When you give learners feedback it improves their self-belief and increases their desire to learn. Under the title “What’s been did and what’s been hid,” that is the eighth of 12 truisms that have influenced how I have been doing my work as a learning and performance consultant over a number of years. I hope you will feel free to support it with a book reference, a personal experience or a case study, or knock it down using similar sources of evidence.
Today I’m going to talk about my passion for feedback. I earnestly believe that when you give learners quality feedback it improves their self-belief and increases their desire to learn. To deserve the adjective “quality”, it must be well-intentioned, skilfully communicated, constructive and timely. Feedback can be spoken, written or done entirely without words, but in all cases it must be properly received and valued by the recipient, and that might involve some coaching too.
Not only does precise, constructive feedback help learners to perform better but also it increases their self-esteem, raises their appetite for learning and builds their learning habit and their capacity for constructive self-criticism.
So I’m ready to continue my pursuit of quality feedback and to rail against the damage done by superficial tokens such as the “Well done” and “Oops” type you sometimes find in packaged learning and the over-use of “Excellent” and “Brilliant” that you sometimes hear in classrooms. But am I acting from a well-founded base of evidence or am I just fuelling a personal bias? Let me put the challenging questions to you:
Is it really true that constructive feedback from instructors (or through the materials they have written) about the completeness and correctness of their efforts helps learners to learn? If it is true, then how do we know for sure?
Do timely comments about their performance act as a form of important recognition of their efforts, reward and motivate learners and so help them to correct errors?
When a learner is practising, will they spot their errors more immediately and know how to correct them if they are willingly receiving feedback as they retrieve and apply specific knowledge?
Is face-to-face, or one-on-one, or any single method best for providing feedback to learners, or is there no best method?
Should you give prompt feedback even when an answer is correct? It is quite common to do so because it seems to reinforce the solution and to be especially useful for metalearning where other learners who are observing can see how the right answer was reached and why it is correct. Can we be sure that this is good practice or is it patronising and does it irritate or slow the learner down?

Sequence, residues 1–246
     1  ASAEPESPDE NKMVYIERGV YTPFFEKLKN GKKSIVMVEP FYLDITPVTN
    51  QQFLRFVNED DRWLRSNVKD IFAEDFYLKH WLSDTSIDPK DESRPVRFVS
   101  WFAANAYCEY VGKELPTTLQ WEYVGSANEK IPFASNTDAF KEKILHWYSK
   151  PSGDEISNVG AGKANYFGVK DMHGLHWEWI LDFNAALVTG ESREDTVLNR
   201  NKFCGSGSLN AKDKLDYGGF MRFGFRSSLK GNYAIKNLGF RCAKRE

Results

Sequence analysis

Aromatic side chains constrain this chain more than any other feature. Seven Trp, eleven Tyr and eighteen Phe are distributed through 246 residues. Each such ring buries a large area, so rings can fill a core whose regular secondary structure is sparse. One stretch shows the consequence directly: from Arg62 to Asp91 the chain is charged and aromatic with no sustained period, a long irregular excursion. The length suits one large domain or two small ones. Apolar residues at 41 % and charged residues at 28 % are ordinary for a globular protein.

Should we avoid giving learners general, non-specific praise and criticism?
Is it preferable to give reasons why something is correct or incorrect, or is it enough just to give the learner a mark and provide the correct answer?
Is it always necessary to focus wrong answer feedback entirely on the reasons why a solution or answer is incorrect, and explain how to reach the correct answer?
Must critical feedback really always be given in private, whether it is written or spoken, and never in front of others, or is this just being over-sensitive? Don’t a little naming and shaming, fear and dread now again sharpen learners’ wits?
Is it really true that constructive, timely feedback can reinforce and help learners to develop positive self-esteem as well as improve their scores, or is that a myth?
Are we building from a safe foundation if we think that learners who believe they can succeed usually do better than those who doubt their own capability?
Is it also true that learners who have been bolstered by motivating feedback are more engaged, more active, more independent and more likely to cooperate with others?
Finally is it possible to give too much feedback? Does the proliferation of feedback we see in e-learning and other programmed materials actually advance or hinder learning? Can feedback actually hinder future performance? Doesn’t real feedback come as an integral part of learning in the form of the results we see when we practise? Can hearing how well you are doing at each small task or attempt be excessive? Is this type of augmented feedback during instruction exaggerated, unnatural and potentially damaging? Is it better to limit instructive feedback to every-so-often, and would the very limiting of the feedback itself lead to more rapid learning and mastery?
You can probably detect where my own beliefs lie, but it would be very interesting to have contemporary evidence to support or challenge their authenticity. I welcome you to comment using the form below. [contact-form subject='[PG%26#039;s Tips’][contact-field label=’Name’ type=’name’ required=’1’/][contact-field label=’Email’ type=’email’ required=’1’/][contact-field label=’Comment’ type=’textarea’ required=’1’/][/contact-form]